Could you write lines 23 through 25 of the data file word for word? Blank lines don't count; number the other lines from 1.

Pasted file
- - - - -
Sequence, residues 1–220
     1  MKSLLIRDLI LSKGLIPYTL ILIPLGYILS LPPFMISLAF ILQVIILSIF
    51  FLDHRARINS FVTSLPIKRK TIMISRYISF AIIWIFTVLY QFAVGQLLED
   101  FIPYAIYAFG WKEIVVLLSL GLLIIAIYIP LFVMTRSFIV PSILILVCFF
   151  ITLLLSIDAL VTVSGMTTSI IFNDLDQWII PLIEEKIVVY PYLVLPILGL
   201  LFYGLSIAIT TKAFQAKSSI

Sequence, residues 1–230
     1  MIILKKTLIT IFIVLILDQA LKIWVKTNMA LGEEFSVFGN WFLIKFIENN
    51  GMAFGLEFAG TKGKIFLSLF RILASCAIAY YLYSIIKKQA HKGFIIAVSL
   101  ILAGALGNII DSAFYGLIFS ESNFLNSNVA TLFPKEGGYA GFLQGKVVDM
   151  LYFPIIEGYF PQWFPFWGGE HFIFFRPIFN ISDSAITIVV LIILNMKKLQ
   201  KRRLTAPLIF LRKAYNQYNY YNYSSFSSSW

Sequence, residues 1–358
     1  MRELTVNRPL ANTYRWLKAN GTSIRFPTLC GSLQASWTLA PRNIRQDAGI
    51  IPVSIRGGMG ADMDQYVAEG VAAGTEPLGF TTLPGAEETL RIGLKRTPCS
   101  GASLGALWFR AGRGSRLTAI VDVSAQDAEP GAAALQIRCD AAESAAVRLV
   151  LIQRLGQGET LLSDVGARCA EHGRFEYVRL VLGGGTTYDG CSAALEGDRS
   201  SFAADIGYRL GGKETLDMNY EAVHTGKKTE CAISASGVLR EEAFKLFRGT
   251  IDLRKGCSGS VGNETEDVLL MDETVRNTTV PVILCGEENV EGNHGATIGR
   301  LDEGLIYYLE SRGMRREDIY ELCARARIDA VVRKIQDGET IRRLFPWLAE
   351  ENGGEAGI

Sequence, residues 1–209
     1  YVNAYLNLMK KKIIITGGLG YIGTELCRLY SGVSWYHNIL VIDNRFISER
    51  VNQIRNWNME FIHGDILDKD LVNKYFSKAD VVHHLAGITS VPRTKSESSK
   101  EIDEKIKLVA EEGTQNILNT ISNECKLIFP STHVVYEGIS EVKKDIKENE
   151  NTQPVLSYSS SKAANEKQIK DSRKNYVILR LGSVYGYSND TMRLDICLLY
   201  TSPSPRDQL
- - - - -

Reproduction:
     1  YVNAYLNLMK KKIIITGGLG YIGTELCRLY SGVSWYHNIL VIDNRFISER
    51  VNQIRNWNME FIHGDILDKD LVNKYFSKAD VVHHLAGITS VPRTKSESSK
   101  EIDEKIKLVA EEGTQNILNT ISNECKLIFP STHVVYEGIS EVKKDIKENE